Library Subscription: Guest
Begell Digital Portal Begell Digital Library eBooks Journals References & Proceedings Research Collections
Critical Reviews™ in Biomedical Engineering
SJR: 0.243 SNIP: 0.376 CiteScore™: 0.79

ISSN Print: 0278-940X
ISSN Online: 1943-619X

Critical Reviews™ in Biomedical Engineering

DOI: 10.1615/CritRevBiomedEng.v37.i3.10
pages 193-257

Miniaturized Microfluidic Formats for Cell-Based High-Throughput Screening

Sarvesh Upadhyaya
Department of Mechanical Engineering, McMaster University, Canada
Ponnambalam R. Selvaganapathy
Mechanical Engineering, McMaster University, Hamilton, Ontario, Canada


Cell-based high-throughput screening (HTS) has become an important method used in pharmaceutical drug discovery, and is presently carried out using robots and micro-well plates. A microfluidic-based device for cell-based HTS using a traditional cell-culture protocol would be a key enabler in miniaturization and in increasing throughput without consequent detrimental effects on the physiological significance of the screen. In this paper, we illustrate the advances in miniaturization of cell-based HTS, especially using microfabrication and microfluidics. We also detail a novel microfluidic HTS device targeted for cell-based assays using traditional non-compartmentalized agar gel as a cell-culture medium and electric control over drug dose. The basic design of this device consists of a gel layer supported by a nanoporous membrane that is bonded to microchannels underneath it. The pores of the membrane are blocked everywhere except in selected regions that serve as fluidic interfaces between the microchannel below and the gel above. Upon application of an electric field, nanopores start to act as electrokinetic pumps. By selectively switching an array of such micropumps, a number of spots containing drug molecules are created simultaneously in the gel layer. By diffusion, drugs reach the top surface of the gel where cells are to be grown. Based on this principle, a number of different devices can be fabricated using microfabrication technology. The fabricated devices include a single drug spot-forming device, a multiple drug spot-forming device, and a microarray drug spot-forming device. By controlling the pumping potential and duration, spots sizes ranging from 200 μm to 6 mm in diameter and having inter-spot distances of 0.4 to 10 mm have been created. The absence of diffusional transport through the nanoporous interfaces without an electric field is demonstrated. A number of representative molecules, including surrogate drug molecules (trypan blue and methylene blue) and biomolecules (DNA and protein) were selected for demonstration purposes. A dosing range of 50 to 3000 μg and a spot density of 156 spots/cm2 were achieved. The drug spot density was found to be limited by molecular diffusion in gel, so a numerical study was carried to determine ways to increase density. Based on this simulation, a diffusion barrier was proposed, which uses a specially dimensioned (having shallow grooves) gel sheet to reduce diffusion.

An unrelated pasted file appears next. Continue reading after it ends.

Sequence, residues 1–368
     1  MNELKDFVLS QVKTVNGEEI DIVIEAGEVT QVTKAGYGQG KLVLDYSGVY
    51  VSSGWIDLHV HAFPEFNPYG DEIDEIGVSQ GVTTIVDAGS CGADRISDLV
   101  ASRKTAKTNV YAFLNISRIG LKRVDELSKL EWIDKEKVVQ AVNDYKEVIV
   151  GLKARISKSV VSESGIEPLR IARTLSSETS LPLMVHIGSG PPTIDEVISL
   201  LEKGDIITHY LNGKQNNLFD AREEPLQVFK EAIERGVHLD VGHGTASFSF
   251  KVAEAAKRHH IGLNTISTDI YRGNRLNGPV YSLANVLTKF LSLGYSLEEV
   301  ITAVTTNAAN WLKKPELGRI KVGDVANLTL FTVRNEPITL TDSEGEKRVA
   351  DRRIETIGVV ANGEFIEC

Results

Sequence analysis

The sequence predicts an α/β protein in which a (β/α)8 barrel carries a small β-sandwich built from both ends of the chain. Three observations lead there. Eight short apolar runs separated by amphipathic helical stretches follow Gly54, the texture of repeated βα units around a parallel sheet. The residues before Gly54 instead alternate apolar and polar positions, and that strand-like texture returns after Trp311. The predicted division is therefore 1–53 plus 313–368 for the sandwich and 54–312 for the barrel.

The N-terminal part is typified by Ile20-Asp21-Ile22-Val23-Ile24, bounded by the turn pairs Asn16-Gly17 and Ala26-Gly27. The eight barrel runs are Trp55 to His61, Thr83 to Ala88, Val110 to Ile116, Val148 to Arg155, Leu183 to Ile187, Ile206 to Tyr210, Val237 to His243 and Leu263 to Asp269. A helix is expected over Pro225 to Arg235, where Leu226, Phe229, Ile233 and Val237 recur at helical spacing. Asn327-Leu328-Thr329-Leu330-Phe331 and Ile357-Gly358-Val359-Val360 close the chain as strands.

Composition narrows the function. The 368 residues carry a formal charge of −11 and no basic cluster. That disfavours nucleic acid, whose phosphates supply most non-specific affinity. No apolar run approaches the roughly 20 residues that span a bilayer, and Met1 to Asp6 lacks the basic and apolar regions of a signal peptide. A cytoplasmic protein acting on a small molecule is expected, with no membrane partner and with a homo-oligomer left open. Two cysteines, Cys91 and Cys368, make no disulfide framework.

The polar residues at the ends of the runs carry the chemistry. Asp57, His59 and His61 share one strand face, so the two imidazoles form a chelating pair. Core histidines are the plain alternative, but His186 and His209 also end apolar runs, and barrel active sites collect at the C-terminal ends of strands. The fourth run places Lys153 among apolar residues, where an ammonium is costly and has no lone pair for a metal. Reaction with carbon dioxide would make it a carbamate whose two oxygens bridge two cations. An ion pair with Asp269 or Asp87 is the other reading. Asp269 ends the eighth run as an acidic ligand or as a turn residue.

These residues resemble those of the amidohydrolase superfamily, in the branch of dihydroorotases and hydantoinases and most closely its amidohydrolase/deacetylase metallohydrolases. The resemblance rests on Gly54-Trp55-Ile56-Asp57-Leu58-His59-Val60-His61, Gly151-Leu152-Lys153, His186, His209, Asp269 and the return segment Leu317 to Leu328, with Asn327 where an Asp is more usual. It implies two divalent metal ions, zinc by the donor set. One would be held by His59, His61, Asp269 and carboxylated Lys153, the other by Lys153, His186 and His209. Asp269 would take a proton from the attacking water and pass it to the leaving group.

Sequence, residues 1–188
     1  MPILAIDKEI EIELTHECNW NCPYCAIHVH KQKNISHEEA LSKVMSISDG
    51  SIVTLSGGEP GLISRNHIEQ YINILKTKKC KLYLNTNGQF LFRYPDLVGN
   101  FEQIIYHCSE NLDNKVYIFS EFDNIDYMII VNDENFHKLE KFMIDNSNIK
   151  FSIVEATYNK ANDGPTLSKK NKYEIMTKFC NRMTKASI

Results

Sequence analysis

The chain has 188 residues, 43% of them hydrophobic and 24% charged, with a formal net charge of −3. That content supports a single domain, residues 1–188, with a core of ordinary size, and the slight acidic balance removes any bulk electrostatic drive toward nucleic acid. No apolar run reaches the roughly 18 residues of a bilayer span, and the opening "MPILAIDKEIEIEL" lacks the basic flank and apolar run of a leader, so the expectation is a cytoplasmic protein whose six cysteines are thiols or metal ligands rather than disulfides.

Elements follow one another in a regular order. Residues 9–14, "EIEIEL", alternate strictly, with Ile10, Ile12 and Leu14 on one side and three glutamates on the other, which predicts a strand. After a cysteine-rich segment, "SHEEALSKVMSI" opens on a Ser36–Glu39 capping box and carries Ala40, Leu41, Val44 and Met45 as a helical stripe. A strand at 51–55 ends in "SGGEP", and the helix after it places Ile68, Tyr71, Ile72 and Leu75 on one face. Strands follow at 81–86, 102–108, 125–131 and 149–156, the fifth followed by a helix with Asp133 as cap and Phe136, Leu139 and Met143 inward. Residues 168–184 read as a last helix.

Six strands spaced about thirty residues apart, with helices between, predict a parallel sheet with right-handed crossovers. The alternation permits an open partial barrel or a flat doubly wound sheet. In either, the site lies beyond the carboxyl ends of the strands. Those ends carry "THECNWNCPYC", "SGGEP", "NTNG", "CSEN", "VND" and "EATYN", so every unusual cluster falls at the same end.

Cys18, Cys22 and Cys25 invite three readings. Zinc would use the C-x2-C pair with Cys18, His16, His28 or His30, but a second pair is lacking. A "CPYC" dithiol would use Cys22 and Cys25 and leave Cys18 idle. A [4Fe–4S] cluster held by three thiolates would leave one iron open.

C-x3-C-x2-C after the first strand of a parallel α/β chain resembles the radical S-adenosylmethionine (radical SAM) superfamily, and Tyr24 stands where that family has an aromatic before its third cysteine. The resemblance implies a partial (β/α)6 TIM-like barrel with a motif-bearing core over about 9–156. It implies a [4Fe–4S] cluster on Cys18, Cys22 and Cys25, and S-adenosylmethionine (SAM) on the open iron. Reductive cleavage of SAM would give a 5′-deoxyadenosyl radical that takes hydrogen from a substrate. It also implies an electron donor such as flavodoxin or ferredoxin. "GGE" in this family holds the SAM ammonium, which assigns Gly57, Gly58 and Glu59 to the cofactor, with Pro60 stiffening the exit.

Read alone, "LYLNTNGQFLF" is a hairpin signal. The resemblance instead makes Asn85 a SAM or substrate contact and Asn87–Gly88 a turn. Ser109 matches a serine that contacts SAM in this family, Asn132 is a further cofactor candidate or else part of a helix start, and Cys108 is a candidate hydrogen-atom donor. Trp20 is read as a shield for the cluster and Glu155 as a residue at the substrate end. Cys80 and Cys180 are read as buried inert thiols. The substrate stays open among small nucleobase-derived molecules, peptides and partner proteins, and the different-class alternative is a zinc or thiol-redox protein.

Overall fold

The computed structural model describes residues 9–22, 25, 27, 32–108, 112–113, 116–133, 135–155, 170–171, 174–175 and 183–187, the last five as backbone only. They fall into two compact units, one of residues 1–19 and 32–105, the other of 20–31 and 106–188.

Articles with similar content:

Polymeric Drug-Delivery Systems: Role in P-gp Efflux System Inhibition
Critical Reviews™ in Therapeutic Drug Carrier Systems, Vol.32, 2015, issue 3
Saahil Arora , Preeti Gupta, Tarun Garg, M. Tanmay
Colloidal Drug Delivery Systems: Current Status and Future Directions
Critical Reviews™ in Therapeutic Drug Carrier Systems, Vol.32, 2015, issue 2
Goutam Rath, Tarun Garg, Amit Kumar Goyal
Tempo-spatially Resolved Ozone Characteristics During Single-electrode Dielectric Barrier Discharge (SE-DBD) Operation against Metal and Porcine Skin Surfaces
Plasma Medicine, Vol.4, 2014, issue 1-4
Michael Franck, Andreas Helmke, Wolfgang Vioel, Dirk Wandke
Plasma-Patterned Polydimethylsiloxane Surface With Single-Step Coating with a Mixture of Vitronectin and Albumin Enables the Formation of Small Discs and Spheroids of Human Induced Pluripotent Stem Cells
Plasma Medicine, Vol.4, 2014, issue 1-4
Shinji Sugiura, Daisuke Miyamoto, Kohji Nakazawa, Ryotaro Yamada, Kiyoshi Ohnuma, Toshiyuki Kanamori, Motohiro Tagaya, Toru Sasaki, Koji Hattori
Engineered Nanocarriers of Doxorubicin: A Current Update
Critical Reviews™ in Therapeutic Drug Carrier Systems, Vol.25, 2008, issue 1
Swati A. Guhagarkar, Rajesh R. Patil, Padma V. Devarajan